Britain Lockhart never knows what he’ll find when he scuba dives for treasure. Neither do his viewers on Facebook who tune in for a surprise reveal. His page, Depths of History, has been steadily growing on the social network since he started posting videos there about two years ago. He now has 70,000 followers on his page, which has started generating thousands of dollars a month in ad revenue.
“I really didn’t think it would be that profitable at all, but Facebook has such a variety of users on their interface that don’t even use YouTube, but they’ll be on Facebook,” he says, adding that he’ll post his YouTube videos on Facebook to make ad revenue on both.
His income varies, although he says he’ll typically make between $2,000 and $3,000 per month through Facebook. But in 2021 so far, that income has unexpectedly dried up. The January payout was only $931, leaving him thousands of dollars short. In February, it was even lower, coming in at just $664. He double-checked his creator backend, and the numbers didn’t make sense there, either. Facebook’s revenue estimation tool projected that he should have received $3,397 for January and $1,747.52 for February. When the checks came in, he ended more than $4,000 short
“It was like a slap in the face,” Lockhart says. “I was looking forward to buying more camera gear to increase my business, buying things that could prolong me working with Facebook and me working with YouTube.”
And he’s not the only one who hasn’t been entirely paid out. The Verge spoke with two other Facebook video creators, all of whom say the company shorted them on cash and ignored their requests for help. The creators had no reason to initially question the amount they were paid since Facebook’s estimated revenue tool almost always mirrored their actual payouts. Usually, they’d be short only a couple hundred dollars. But after their revenue seemed off two months in a row, the creators say they looked into the issue. All three say the problems began in January, around the time Facebook transitioned to its new Pages experience and made updates to how creators can monetize.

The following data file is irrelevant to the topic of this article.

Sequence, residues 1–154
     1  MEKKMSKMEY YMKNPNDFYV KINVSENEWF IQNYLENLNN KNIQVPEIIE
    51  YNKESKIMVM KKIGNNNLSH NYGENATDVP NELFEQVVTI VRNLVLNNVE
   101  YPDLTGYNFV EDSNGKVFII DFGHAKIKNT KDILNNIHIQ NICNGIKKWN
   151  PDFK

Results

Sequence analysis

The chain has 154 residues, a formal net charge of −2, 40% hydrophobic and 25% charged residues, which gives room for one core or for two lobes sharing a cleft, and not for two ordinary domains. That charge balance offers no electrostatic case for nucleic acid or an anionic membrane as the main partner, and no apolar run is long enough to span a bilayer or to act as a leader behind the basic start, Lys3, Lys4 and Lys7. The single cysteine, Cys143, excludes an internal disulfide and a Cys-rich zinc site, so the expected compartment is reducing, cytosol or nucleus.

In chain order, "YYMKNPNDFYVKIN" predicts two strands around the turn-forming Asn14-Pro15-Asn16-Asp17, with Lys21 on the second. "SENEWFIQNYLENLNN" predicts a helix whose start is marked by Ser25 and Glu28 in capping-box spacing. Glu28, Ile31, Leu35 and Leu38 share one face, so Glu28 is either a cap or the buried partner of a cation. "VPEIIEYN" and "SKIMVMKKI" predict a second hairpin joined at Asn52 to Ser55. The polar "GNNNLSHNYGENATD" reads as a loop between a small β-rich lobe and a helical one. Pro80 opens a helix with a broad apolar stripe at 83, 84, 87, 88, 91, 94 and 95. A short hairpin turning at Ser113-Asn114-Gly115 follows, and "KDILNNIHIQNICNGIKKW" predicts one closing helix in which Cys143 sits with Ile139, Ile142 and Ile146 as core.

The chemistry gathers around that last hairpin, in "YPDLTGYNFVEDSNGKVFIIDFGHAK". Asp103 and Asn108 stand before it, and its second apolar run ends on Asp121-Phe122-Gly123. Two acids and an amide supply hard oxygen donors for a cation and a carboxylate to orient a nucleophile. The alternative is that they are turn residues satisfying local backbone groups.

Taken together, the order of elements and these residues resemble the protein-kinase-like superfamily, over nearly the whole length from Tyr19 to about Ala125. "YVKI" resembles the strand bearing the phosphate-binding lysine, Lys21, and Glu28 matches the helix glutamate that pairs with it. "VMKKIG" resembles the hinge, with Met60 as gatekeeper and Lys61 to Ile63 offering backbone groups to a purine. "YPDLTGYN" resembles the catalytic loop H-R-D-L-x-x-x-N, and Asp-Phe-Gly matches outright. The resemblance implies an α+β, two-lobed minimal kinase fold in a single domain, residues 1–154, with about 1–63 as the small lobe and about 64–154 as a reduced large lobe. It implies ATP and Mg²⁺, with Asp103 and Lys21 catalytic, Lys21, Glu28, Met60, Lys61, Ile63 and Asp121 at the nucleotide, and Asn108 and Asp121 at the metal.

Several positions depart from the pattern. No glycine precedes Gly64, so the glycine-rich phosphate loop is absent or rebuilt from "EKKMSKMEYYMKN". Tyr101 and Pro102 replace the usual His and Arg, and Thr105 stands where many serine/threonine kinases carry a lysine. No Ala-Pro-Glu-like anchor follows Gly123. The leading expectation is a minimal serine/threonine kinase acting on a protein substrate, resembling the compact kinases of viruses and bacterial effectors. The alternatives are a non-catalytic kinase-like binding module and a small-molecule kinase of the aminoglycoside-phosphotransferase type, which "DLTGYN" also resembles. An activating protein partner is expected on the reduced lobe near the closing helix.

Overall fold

The sudden change is particularly alarming because of Facebook’s ambiguous approach to revenue-sharing in general. The company’s core business has always been direct, targeted advertising, but Facebook now sees an opportunity in sharing revenue with video creators, along the lines of YouTube or Twitch. Facebook has courted all sorts of creators — gamers, writers, and video hosts — through broader monetization options, like in-stream ads, shopping, and even subscription newsletters. It’s still unclear how many creators are on Facebook, but the strategy seems to be somewhat working. Facebook says there are more than 1 million shops across its app and Instagram, and that from 2019 to 2020, the number of content creators on Facebook earning the equivalent of $10,000 USD per month grew 88 percent, and creators earning $1,000 per month grew 94 percent.
But these creators say Facebook only cares about advertisers, leaving them with no one to turn to when their payments are unexpectedly short. They reached out for help, but the company gave them no feedback on what could be wrong.